My current experience is that about three patches into the 7 series the same thing happened, so I contacted support. After me telling them in detail in my initial bug report about the problem, it's cause, and the KB article number for the root password issue, they literally told me "I'm afraid I will need to direct you to the vSphere feature-request page" and told me to roll it back from a back-up. It took them hours past the the reply window to contact me, and when they did the support agent's only instructions were to roll back the bad patch or rebuild it from scratch again. I literally cloned the VM and rolled system back within a hour of the bug report being sent. That report detailed specific issues (root password exp, lack of test in patch for exp account, GUI for vcenter cant reset password once it has failed). I asked for acknowledgement of these bugs, which are documented in VMware's own KB articles, and issue or tracking numbers for them.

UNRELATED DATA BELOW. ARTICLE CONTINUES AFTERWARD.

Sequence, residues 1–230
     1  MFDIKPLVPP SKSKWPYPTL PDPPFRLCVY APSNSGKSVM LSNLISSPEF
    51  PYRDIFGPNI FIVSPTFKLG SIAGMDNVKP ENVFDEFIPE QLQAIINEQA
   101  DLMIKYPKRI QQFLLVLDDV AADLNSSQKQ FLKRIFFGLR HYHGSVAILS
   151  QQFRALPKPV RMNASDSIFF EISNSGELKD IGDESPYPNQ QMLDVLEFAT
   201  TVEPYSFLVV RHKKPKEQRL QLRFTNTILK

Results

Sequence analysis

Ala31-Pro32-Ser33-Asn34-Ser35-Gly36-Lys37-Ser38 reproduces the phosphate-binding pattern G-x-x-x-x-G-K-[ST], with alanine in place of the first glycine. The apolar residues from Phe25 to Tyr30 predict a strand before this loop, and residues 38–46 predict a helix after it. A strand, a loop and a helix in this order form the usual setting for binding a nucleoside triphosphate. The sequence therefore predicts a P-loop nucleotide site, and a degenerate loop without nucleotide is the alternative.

The agent then went back to talking about restoring a backup from before the failed update instead of addressing the multiple underlying issues that caused it. The issue being that VMware has gotten so sloppy with it's QC that it has issued a whole series of updates that won't safely install from the GUI. That these failed patches can't be rolled back from the GUI once they are stuck, and all further operations in the management section are blocked. These errors have been known to the company for some time, and are even documented in KB articles that go so far as to instruct people NOT to use the UI and apply all the patches via command line via .iso files. These instructions weren't sent out to operators, no warning was. Instead, we were left to either find the trail of bread crumbs on our own, or waste hours with our infrastructure in a failed state.